The Van Trump Report

World is On Track to Lose Half of All Farms by 2100

According to a study from the University of Colorado Boulder, the number of farms globally will shrink in half by 2100, as the size of the existing farms will double. Published in the journal Nature Sustainability, the study is the first to track the number and size of farms year-over-year, from the 1960s and projecting through 2100.

Zia Mehrabi, assistant professor of environmental studies at CU Boulder, and colleagues used data from the UN Food and Agricultural Organization on agricultural area, GDP per capita and rural population size of more than 180 countries to first reconstruct the evolution of farm numbers from 1969-2013 and then to project those numbers through 2100. The findings show farms around the world will drop from 616 million in 2020 to 272 million in 2100.

A key reason behind the rapidly shrinking farm numbers is an increase in urbanization. As a country’s economy grows, more people migrate to urban areas, leaving fewer people in rural areas to tend the land.

As most are aware, farm consolidation in the US has already been happening for decades. In the US, the number of farms fell to 2.00 million in 2022, versus 2.16 million in 2002, and 3.70 million in 1962. Meanwhile, the total land in farms stood at 893.40 million acres in 2022, compared to 941.48 million in 2002 and 1.17 billion in 1962. It’s a similar situation in Western Europe.

Mehrabi’s analysis found that a turning point from farm creation to widespread consolidation will begin to occur as early as 2050 in communities across Asia, the Middle East, North Africa, Oceania, Latin America and the Caribbean. Sub-Saharan Africa will follow the same course later in the century, the research found.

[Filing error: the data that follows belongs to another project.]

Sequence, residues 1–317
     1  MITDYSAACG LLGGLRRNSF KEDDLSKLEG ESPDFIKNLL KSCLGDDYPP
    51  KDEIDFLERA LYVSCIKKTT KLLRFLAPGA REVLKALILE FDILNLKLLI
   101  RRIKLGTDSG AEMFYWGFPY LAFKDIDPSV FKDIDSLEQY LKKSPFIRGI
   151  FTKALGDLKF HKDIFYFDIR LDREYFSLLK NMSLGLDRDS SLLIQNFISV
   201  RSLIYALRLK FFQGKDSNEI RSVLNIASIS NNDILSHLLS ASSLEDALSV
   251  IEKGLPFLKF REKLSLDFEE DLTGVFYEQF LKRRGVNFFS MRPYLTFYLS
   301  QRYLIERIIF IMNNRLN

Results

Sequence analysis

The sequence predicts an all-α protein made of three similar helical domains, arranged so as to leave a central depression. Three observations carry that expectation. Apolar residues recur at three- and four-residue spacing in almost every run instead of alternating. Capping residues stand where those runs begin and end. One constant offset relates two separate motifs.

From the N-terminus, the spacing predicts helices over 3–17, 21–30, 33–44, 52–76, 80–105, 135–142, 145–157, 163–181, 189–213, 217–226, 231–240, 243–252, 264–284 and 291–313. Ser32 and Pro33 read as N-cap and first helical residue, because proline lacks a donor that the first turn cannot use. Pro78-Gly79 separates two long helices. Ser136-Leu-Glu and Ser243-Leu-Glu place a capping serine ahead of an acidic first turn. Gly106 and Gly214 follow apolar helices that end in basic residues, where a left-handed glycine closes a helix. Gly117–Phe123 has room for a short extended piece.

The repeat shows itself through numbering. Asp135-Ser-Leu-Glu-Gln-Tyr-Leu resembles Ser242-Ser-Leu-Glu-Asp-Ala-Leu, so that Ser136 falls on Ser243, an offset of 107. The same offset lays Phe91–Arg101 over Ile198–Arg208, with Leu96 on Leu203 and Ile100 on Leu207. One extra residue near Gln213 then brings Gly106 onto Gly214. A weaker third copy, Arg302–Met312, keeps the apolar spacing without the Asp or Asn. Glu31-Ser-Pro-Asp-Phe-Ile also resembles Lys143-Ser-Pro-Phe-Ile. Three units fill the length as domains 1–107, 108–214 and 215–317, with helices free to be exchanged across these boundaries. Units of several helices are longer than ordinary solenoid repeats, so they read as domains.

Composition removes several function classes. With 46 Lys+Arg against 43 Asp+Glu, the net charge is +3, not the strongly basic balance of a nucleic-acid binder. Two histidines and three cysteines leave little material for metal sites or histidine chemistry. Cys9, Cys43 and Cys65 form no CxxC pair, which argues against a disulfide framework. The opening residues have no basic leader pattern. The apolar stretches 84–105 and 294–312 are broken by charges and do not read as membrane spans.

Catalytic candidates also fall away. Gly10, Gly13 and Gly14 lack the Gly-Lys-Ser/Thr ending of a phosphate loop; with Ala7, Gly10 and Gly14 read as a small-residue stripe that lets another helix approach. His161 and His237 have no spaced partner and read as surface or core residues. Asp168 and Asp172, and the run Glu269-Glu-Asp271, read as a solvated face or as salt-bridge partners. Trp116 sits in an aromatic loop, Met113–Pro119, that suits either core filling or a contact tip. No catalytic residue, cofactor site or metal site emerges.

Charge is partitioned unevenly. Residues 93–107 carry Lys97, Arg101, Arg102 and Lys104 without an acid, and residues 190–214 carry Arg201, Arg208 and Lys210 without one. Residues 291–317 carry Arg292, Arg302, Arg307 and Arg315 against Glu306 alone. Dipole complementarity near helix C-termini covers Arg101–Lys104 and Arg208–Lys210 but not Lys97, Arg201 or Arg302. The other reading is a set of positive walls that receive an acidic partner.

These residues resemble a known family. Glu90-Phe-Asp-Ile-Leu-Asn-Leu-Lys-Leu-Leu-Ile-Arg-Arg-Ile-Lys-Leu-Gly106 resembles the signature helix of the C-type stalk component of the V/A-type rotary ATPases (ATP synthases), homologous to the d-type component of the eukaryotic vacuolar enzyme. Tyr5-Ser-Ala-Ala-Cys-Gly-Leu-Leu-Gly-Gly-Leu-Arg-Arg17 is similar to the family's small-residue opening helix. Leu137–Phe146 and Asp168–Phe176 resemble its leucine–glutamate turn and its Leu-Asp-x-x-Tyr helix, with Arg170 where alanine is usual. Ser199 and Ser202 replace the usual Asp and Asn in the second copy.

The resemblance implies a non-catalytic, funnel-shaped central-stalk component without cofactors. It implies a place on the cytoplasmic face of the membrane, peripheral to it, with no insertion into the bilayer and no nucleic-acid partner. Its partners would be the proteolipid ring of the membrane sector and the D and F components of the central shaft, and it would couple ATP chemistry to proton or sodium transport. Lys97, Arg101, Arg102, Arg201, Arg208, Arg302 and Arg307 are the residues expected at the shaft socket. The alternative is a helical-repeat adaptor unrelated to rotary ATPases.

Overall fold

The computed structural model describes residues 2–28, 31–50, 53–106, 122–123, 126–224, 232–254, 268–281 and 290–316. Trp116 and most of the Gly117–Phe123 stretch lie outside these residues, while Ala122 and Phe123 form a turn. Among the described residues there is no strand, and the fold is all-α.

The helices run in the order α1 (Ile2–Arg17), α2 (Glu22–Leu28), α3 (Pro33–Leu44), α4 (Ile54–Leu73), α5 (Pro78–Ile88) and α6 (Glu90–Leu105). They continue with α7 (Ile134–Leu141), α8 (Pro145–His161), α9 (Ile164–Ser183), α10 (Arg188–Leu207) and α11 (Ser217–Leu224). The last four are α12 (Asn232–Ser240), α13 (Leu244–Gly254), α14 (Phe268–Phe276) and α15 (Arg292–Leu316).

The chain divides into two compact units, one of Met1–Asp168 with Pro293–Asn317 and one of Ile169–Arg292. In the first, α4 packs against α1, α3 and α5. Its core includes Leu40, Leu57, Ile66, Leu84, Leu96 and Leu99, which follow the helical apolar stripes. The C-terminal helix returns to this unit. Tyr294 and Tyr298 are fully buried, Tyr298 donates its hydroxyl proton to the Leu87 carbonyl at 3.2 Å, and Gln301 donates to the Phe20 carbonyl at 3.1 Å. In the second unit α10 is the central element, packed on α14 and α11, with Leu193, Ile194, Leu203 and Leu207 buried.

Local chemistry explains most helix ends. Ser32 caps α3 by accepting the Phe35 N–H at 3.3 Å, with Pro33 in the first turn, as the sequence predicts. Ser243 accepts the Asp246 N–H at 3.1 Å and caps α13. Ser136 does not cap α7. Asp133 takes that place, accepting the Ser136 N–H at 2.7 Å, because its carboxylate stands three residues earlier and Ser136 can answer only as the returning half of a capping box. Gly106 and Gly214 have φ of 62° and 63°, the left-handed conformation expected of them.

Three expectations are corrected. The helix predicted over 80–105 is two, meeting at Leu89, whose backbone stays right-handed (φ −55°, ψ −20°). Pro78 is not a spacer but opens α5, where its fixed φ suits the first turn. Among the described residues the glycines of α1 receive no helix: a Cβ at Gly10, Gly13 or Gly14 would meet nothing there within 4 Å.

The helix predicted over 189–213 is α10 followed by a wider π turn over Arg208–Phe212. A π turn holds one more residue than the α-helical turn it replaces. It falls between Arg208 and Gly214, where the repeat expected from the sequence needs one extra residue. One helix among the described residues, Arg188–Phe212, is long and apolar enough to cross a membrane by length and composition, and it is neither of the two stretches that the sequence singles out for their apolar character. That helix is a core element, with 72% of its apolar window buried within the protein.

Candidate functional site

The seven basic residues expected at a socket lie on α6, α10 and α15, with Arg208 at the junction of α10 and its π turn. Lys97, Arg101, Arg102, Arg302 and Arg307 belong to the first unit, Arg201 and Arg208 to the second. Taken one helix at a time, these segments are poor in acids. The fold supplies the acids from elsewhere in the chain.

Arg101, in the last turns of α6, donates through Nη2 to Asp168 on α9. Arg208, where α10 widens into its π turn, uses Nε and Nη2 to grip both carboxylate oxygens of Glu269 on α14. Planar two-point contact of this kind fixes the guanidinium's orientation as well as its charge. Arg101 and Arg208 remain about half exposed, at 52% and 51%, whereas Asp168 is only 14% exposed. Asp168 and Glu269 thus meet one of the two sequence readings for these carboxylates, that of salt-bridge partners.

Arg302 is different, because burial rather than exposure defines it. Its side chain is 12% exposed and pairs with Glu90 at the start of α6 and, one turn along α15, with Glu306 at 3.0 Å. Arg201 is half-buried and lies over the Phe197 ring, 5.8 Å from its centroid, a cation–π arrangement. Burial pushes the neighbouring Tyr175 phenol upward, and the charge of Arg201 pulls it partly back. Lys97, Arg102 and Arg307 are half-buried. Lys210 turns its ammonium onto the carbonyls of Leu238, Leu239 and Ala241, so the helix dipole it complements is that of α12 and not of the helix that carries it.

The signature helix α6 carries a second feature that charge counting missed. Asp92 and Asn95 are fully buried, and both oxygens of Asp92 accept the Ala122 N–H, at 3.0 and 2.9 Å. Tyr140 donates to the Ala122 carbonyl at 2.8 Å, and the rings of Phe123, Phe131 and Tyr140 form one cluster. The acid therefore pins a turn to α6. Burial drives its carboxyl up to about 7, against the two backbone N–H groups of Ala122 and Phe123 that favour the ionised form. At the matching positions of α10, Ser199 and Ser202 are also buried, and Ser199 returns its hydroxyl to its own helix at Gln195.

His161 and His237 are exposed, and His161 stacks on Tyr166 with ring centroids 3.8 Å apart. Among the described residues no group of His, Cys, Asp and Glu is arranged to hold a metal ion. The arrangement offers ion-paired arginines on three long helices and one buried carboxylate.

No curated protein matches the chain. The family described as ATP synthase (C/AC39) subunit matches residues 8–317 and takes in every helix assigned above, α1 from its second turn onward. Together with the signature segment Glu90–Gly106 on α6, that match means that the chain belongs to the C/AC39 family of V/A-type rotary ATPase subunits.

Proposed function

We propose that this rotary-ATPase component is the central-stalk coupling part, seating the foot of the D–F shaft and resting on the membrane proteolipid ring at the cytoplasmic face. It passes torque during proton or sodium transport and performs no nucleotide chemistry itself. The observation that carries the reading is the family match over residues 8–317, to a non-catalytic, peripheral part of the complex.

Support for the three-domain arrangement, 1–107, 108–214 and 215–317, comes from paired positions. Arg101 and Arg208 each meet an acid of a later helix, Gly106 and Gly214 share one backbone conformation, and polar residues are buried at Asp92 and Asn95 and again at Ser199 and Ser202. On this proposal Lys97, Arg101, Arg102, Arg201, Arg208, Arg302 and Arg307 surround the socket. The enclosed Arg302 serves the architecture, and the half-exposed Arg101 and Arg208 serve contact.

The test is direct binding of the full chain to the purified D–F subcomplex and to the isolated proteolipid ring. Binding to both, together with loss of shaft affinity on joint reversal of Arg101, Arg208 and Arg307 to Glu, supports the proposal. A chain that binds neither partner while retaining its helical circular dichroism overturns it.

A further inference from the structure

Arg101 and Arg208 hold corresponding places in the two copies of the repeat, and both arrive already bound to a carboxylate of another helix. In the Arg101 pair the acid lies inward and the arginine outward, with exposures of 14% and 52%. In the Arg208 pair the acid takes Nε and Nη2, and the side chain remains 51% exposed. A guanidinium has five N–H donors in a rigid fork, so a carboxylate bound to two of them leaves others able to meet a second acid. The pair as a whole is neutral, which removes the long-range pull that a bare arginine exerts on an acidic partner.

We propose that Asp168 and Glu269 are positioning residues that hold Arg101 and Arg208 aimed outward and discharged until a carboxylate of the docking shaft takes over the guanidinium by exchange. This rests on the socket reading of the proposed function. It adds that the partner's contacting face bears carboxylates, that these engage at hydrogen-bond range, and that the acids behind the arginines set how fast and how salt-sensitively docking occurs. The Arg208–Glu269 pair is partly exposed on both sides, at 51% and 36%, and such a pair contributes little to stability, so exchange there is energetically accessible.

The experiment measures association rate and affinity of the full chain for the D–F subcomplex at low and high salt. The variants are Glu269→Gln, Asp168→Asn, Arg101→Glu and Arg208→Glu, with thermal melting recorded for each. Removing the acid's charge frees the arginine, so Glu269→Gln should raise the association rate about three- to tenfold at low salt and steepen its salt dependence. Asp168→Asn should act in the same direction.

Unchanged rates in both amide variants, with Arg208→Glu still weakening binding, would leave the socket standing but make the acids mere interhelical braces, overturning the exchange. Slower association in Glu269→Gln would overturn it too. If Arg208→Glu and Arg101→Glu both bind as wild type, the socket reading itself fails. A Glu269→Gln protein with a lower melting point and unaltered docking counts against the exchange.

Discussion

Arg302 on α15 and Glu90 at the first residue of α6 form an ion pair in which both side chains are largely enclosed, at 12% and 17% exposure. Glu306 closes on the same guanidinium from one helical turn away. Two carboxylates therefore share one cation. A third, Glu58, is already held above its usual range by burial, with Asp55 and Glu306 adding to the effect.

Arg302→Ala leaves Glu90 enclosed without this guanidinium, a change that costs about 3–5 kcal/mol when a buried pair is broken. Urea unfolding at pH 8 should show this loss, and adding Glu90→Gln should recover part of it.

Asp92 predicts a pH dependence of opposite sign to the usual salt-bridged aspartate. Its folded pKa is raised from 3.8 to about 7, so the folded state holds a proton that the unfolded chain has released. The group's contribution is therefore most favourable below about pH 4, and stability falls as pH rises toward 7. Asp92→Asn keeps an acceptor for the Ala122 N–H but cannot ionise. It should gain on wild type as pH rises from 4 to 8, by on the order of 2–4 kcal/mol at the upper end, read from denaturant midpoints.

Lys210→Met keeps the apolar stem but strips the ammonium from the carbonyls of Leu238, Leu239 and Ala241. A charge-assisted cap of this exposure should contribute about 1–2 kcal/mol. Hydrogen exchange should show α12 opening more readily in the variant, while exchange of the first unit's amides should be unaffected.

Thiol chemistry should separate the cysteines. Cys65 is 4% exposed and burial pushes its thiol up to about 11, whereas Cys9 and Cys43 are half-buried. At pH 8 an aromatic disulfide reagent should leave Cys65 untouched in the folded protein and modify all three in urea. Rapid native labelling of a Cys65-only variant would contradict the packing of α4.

Mehrabi says that even if the total amount of farmland doesn’t change across the globe in coming years, fewer people will own and farm what land there is available, which will pose risks to world’s food supply. “Smaller farms typically have more biodiversity and crop diversity, which makes them more resilient to pest outbreaks and climate shocks,” Mehrabi explains.

At the same time, Mehrabi says there are upsides to the shift in corporate farm ownership – consolidation in farming can lead to improved labor productivity and economic growth with a larger workforce in non-farm employment and improved management systems. One of the biggest benefits of farm consolidation, Mehrabi said, is improved economic opportunity for people.

Mehrabi adds that future farmers will likely need more support, though. “Currently, we have around 600 million farms feeding the world, and they’re carrying 8 billion people on their shoulders,” Mehrabi said. “By the end of the century, we’ll likely have half the number of farmers feeding even more people. We really need to think about how we can have the education and support systems in place to support those farmers.” (Sources: University of Colorado at Boulder, Science Daily, USDA)

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